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I think eventually all of this is goiong to lead to better TV. Cable boxes and computers will turn into the same thing and people will program their remotes so that when they hit the channel up and channel down buttons it will take them to different web addresses. Each address it's own streaming channel. With a push of a button you can pull up that webchannels backlog of tv shows to watch when you want (commericials included). Hit another button and start discussing the show with other viewers on the shows messageboard.

We'll go from 150 channels of mostly garbage with today's TV, to thousands of channels from all the around the world. Some from big corporations like ABC and others from someones basement in Ohio. People will program their remotes for only the channles they want, which means content will get better to compete for peoples attention even more.

I think this will also be a good platform for long episodic shows that carry over from one week to the next. Alot of those shows didn't do so well on TV because people didn't catch the first few episodes or missed one of two somewhere in the middle and lost their place. But people have been discovering those shows again on DVD and falling in love with them. Unfortunately sometimes after the show has already been cancelled.
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Old April 12th, 2006, 01:56 AM   #9
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Quote:
Originally Posted by Mike Tesh
I think eventually all of this is goiong to lead to better TV. Cable boxes and computers will turn into the same thing and people will program their remotes so that when they hit the channel up and channel down buttons it will take them to different web addresses. Each address it's own streaming channel. With a push of a button you can pull up that webchannels backlog of tv shows to watch when you want (commericials included). Hit another button and start discussing the show with other viewers on the shows messageboard.

We'll go from 150 channels of mostly garbage with today's TV, to thousands of channels from all the around the world. Some from big corporations like ABC and others from someones basement in Ohio. People will program their remotes for only the channles they want, which means content will get better to compete for peoples attention even more.

I think this will also be a good platform for long episodic shows that carry over from one week to the next. Alot of those shows didn't do so well on TV because people didn't catch the first few episodes or missed one of two somewhere in the middle and lost their place. But people have been discovering those shows again on DVD and falling in love with them. Unfortunately sometimes after the show has already been cancelled.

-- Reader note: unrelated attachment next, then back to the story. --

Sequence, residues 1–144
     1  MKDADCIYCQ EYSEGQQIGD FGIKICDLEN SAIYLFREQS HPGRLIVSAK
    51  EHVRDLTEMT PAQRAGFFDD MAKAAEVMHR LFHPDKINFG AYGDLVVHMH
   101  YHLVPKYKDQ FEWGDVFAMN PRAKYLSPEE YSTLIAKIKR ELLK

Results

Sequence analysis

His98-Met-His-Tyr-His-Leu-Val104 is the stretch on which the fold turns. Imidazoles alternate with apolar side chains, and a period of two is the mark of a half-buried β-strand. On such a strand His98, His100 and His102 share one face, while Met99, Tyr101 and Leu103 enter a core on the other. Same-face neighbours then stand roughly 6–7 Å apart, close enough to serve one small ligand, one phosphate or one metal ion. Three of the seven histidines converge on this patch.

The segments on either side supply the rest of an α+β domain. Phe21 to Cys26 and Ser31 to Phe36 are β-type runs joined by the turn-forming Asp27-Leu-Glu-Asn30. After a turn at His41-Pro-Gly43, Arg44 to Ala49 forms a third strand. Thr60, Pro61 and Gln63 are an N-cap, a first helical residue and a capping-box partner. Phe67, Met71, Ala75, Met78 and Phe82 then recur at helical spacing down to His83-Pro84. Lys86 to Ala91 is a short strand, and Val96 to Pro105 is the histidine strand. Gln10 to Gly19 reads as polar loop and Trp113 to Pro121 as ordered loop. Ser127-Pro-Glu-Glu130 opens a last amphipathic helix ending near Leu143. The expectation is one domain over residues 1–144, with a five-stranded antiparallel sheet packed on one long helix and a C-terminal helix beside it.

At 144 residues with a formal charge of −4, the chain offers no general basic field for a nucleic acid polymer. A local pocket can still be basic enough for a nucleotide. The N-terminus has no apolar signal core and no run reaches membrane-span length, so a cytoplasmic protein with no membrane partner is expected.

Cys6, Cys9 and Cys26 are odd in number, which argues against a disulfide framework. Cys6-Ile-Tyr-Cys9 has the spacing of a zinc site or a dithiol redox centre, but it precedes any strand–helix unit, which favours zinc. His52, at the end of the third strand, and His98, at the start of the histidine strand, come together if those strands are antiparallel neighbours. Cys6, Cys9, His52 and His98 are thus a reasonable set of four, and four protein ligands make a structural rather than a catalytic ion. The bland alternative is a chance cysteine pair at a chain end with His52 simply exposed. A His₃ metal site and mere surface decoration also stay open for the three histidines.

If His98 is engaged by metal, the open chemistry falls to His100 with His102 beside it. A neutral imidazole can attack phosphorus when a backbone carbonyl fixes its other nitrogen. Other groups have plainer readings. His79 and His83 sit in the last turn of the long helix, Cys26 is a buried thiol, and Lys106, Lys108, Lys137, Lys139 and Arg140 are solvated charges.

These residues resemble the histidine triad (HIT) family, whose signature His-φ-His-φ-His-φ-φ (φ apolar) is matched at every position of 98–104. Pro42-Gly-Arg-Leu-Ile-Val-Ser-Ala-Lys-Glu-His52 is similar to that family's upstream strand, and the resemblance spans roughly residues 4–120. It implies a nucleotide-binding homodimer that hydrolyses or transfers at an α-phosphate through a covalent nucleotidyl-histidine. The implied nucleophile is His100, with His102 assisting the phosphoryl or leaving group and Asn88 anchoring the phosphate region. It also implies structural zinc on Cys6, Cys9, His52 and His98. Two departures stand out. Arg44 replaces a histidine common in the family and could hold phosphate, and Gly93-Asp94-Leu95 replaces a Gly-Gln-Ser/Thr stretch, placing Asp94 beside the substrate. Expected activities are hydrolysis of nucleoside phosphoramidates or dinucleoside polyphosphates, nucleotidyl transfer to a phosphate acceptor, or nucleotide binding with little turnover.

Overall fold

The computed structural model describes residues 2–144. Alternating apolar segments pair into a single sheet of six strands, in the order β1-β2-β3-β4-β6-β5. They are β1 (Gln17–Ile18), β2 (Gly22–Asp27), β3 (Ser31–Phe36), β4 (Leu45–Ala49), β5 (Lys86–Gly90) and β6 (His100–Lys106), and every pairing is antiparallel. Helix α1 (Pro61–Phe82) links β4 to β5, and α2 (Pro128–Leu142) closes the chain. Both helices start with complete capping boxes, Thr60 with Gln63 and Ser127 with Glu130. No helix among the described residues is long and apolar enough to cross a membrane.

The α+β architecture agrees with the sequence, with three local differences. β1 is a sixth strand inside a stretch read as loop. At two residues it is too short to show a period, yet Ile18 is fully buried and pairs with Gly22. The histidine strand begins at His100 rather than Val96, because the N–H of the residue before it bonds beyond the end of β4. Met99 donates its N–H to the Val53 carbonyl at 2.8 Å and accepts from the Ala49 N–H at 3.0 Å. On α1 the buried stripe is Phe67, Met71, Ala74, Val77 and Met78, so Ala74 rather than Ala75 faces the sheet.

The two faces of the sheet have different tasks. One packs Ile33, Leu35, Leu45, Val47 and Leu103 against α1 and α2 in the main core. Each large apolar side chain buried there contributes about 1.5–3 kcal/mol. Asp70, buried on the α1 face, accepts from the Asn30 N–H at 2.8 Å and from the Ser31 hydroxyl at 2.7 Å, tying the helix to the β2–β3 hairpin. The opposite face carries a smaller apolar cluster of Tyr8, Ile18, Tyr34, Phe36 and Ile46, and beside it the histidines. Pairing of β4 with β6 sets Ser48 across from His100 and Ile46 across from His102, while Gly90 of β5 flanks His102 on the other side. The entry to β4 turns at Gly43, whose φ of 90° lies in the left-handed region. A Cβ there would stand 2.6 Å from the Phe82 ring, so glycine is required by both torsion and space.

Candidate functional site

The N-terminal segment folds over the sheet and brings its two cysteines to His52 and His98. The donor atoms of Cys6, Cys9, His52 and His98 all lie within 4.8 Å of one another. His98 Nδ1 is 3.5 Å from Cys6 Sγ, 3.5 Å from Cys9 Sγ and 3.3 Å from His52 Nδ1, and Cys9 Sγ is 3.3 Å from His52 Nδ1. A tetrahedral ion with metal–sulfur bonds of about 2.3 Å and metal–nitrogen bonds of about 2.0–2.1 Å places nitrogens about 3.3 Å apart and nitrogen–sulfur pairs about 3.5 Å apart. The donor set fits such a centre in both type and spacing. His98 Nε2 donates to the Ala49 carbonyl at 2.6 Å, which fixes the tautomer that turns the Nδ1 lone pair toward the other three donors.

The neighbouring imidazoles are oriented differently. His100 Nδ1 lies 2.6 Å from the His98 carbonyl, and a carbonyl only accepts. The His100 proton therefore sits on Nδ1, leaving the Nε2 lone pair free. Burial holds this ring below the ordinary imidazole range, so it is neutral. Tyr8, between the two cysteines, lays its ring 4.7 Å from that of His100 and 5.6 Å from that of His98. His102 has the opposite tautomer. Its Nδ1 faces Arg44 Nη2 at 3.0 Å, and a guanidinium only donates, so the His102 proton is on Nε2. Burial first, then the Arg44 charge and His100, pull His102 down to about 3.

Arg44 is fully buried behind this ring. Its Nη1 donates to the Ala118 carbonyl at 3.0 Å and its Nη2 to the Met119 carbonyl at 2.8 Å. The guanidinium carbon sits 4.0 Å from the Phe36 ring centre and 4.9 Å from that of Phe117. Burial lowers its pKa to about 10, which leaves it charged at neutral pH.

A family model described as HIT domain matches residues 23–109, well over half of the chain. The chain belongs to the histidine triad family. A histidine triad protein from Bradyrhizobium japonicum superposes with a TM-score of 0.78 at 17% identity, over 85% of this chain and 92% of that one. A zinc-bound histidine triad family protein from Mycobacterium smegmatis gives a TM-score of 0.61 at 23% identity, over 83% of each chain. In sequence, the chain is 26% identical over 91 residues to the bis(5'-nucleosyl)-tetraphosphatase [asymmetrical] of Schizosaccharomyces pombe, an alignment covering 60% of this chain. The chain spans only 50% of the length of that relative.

Mike, I think you've called things about right here. The networks will very likely jump on the TV/Web interface themselves, to hang onto this new segment of viewers. The easier and quicker they make the shift to be, across from the TV to the Web, the more millions of viewers will adopt it. The limited practice of incorporating Web-access into certain models of TV sets, could be expanded by this. I've always anticipated that world-wide access to local TV channels would be implemented. You can listen to radio stations and read newspapers from everywhere on the Web, so why not TV stations?

Another development along these lines might be that cable companies which offer broadband access, could remove many of the barriers and complications between the tuning of broadcast and Web-replay channels. Of course, the cable companies have begun to establish their own version of this, through their digital DVRs, by allowing some programs to be replayed in an "On Demand" system. The networks may get together with the big cable and satellite companies and make a large selection of primetime replay shows available in this way, shortcutting the Internet version that's being discussed here. In fact, this new Web-based service may be like a beesting to the networks, waking them up and prompting an expanded partnership with cable/satellite companies. This could end up becoming their own, parallel internet. Viewer discussion forums would become a regular part of it, right? You could enter messages during and right after viewing, that would go directly to the producers. They'd have to pay attention to the comments, to stay on top of how their work was registering with the audience. Instead of statistics that were filtered through viewer polling services, they'd get feedback directly from real people.

But, any program delivery that required me to sit with the Mute button pushed for 3-4 minutes, several times during each show, while the commercials played out, will not be used much at my place. The great thing about my dual-tuner HD DVR, is that I NEVER have to wait for commercials to end. However, I did miss this week's critical chapter of "The West Wing" and I would watch and listen to all the commercials, if I could get a re-run of it.
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Old April 12th, 2006, 08:56 AM   #10
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Disney CEO Bob Iger is obviously keeping an eye on this phenomenon...

http://biz.yahoo.com/rb/060412/media...iger.html?.v=1